Within just a few thousand years, natural selection had turned some people’s skin white, and they were now able to manufacture ample vitamin D even from the reduced Sun intensity of the higher latitudes. (Dark skin color, called melanin, is a sunblock, needed because naked bodies near the equator can suffer from too much ultraviolet exposure.) In North America and northern Europe, the climate is sufficiently warm that their skin was almost fully exposed for more than half the year, and their bodies stored vitamin D in the muscle and fat. A new balance had been restored.
But starting a century ago, everything changed. First, the United States and Europe went from a mostly outdoors agrarian society to a mostly indoors manufacturing one. Then people started driving around in vehicles surrounded by windows. Glass prevents any vitamin D production because it blocks the Sun’s UV. When air-conditioning became widely available starting in the late 1950s and then got cheaper in the 1970s, people stopped keeping their windows open. Fixed- pane units became increasingly popular. The only sunlight that reached us in our homes and workplaces came through UV-stopping glass.
The last straw was sunblock. It did not even exist until thirty years ago. The initial UV- reducing creams, which cut exposure only in half, were marketed in the 1950s to promote tanning, not totally screen out ultraviolet rays. Then, in the 1980s, a new product came on the market: sunblock. With SPF (sun protection factor) numbers such as 30 and 45, sunblock essentially stops the body’s vitamin D production cold. At the same time, people were advised to cover themselves with these lotions throughout the summer months. Even the medical establishment urged hiding from the Sun as a way to counter skin cancer.
The metamorphosis was complete: we had become like the Morlocks in H. G. Wells’s book The Time Machine, shielded almost totally from sunlight’s UV.
Enter modern vitamin D researchers such as John Cannell, MD, executive director of the Vitamin D Council, a nonprofit educational corporation that believes that “many humans are needlessly suffering and dying from Vitamin D Deficiency.” Cannell is no ordinary medical doctor. He’s no ordinary researcher either. He is a proselytizer, the first in the theater to shout “Fire!” when the smoke appears, while there’s still time to get out. And these days, he’s very, very passionate. He believes that human beings have unwittingly transformed themselves into something uniquely and self- destructively unnatural.
“We are the first society of cave people,” he lamented to me in 2010. “In the development process of creating the skin, nature never dreamed that we’d deliberately avoid the Sun so thoroughly.”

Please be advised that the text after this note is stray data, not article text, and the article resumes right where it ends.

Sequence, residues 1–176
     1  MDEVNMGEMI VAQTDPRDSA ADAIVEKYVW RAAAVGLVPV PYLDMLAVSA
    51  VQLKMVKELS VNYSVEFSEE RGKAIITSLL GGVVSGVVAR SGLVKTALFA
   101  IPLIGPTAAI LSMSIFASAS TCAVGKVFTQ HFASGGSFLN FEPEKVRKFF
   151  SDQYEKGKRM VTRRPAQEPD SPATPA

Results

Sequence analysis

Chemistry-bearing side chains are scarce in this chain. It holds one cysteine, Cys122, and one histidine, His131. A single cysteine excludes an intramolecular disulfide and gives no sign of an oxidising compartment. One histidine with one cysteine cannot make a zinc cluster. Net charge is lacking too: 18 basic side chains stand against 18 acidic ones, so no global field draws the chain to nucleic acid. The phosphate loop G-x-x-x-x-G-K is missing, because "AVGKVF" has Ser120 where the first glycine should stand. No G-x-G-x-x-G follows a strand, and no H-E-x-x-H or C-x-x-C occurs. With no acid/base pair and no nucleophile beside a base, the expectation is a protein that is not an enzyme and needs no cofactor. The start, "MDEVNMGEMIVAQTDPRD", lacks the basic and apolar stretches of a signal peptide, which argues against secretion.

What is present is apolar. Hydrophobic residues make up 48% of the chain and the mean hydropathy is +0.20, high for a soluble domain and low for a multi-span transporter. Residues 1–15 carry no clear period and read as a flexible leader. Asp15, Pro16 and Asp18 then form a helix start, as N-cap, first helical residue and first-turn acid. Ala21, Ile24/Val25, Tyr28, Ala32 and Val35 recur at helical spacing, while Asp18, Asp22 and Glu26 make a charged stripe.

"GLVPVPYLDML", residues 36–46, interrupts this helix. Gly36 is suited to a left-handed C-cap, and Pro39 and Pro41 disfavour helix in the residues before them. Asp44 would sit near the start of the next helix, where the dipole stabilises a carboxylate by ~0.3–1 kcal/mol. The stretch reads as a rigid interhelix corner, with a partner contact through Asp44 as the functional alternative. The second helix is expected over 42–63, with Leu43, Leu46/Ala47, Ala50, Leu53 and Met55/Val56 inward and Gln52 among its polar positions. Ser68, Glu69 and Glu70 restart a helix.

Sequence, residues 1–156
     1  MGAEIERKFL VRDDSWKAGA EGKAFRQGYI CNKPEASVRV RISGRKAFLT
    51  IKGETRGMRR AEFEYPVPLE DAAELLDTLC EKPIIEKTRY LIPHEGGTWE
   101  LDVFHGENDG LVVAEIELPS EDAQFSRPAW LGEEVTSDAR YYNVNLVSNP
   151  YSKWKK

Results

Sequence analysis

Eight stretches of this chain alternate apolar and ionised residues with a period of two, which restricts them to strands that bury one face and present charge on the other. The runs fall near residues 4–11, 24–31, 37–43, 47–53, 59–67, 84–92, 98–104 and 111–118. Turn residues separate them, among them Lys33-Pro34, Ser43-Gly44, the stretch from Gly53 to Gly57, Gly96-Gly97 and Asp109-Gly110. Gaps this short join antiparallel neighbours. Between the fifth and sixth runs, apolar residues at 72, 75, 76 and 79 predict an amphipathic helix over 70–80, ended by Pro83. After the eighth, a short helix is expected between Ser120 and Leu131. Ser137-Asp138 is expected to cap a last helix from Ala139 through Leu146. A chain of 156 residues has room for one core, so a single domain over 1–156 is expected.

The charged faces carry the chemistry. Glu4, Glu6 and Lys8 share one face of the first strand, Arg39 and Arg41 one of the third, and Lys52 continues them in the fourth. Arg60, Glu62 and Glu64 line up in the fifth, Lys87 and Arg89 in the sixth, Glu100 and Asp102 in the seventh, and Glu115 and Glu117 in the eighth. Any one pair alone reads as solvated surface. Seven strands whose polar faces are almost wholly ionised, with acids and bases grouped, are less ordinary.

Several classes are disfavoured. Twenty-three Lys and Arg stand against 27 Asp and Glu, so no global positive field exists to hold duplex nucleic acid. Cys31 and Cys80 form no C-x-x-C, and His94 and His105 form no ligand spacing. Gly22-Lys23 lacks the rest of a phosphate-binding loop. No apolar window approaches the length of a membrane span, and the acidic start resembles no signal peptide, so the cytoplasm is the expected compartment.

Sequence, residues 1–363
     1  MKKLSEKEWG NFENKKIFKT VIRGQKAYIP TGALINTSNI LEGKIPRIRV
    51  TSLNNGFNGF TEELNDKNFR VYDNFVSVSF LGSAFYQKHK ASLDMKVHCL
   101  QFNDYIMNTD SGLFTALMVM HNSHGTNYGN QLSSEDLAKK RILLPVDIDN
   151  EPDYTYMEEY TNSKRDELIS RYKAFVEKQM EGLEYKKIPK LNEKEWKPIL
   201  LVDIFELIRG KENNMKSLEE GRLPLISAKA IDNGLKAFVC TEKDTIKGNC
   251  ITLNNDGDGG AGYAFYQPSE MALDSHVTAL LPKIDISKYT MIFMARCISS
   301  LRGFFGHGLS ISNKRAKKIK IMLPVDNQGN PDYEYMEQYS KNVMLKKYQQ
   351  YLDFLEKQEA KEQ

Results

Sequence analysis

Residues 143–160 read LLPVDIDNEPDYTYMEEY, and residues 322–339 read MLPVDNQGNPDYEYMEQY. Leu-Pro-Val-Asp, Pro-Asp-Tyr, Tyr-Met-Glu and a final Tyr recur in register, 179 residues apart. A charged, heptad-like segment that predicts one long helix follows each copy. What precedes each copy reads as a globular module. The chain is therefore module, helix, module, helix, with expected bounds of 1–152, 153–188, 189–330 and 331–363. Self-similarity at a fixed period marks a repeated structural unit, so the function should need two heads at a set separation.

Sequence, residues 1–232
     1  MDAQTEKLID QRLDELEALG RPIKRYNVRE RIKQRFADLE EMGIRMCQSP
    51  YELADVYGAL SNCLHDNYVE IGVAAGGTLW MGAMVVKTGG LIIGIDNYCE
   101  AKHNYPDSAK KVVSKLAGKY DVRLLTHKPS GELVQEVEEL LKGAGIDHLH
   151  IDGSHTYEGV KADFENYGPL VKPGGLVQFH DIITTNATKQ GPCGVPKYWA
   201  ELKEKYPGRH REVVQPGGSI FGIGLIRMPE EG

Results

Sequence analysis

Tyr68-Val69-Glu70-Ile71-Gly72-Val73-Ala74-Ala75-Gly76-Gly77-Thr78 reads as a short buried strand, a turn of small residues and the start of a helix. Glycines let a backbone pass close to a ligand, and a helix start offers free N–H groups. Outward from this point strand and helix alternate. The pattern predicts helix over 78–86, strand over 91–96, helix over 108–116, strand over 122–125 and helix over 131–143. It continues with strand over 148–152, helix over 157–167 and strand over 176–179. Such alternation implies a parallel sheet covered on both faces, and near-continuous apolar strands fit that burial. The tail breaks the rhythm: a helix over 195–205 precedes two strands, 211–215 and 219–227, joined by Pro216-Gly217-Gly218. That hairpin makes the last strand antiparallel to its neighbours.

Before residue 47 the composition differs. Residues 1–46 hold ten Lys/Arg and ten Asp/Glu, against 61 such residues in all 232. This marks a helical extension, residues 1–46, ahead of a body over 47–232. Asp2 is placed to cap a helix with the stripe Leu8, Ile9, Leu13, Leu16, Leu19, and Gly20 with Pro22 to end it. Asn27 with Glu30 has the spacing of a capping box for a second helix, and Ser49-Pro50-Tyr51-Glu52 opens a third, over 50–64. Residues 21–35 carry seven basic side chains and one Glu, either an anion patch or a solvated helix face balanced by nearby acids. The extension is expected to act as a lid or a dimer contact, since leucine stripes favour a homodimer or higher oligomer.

What Cannell and a growing legion of researchers are decrying are the past three decades of newspaper and TV scare stories that have made the public afraid of the Sun. The consequence, they believe, is that our blood’s natural vitamin D levels are just a tiny fraction of what nature intended. And this is producing an avalanche of horrible consequences that include vastly increased rates of cancer.
That vitamin D is super-important is no longer in doubt. It has become the new needed supplement, recommended increasingly by family doctors and the popular media alike. The March 2010 Reader’s Digest calls vitamins in general “a scam” and urges people to take no daily supplements whatsoever – with the single exception of 1,000 international units (IU) of vitamin D3, the form most recommended as a supplement.
This sudden interest has been sparked by a spate of studies strongly indicating that vitamin D is the most powerful anticancer agent ever known. Robert Heaney, MD, of Creighton University, a vitamin D researcher, points to thirty- two randomized trials, the majority of which were strongly positive. For example, in a big study of women whose average age was sixty-two, subjects who were given a large daily vitamin D supplement enjoyed a whopping 60 percent reduction in all kinds of cancers after just four years of treatment compared to a control group.
The skeptical might well wonder how, when cancer typically takes decades to develop, such a huge drop can be detected after just a few years. Heaney believes it’s because vitamin D prevents tiny predetectable tumors from growing or spreading. “That’s the kind of cancer I’d want to have – one that never grows,” he told me in June 2010.
The Canadian Cancer Society raised its vitamin D intake recommendations to 1,000 IU daily in 2009. But Cannell, Heaney, and others think that even this is still way too low.
“I went to a conference and asked all the researchers what they themselves take daily and give to their families,” Heaney said. “The average was 5,500 IU daily. There is certainly no danger in doing this, since toxicity cannot arise in under 30,000 IU a day.”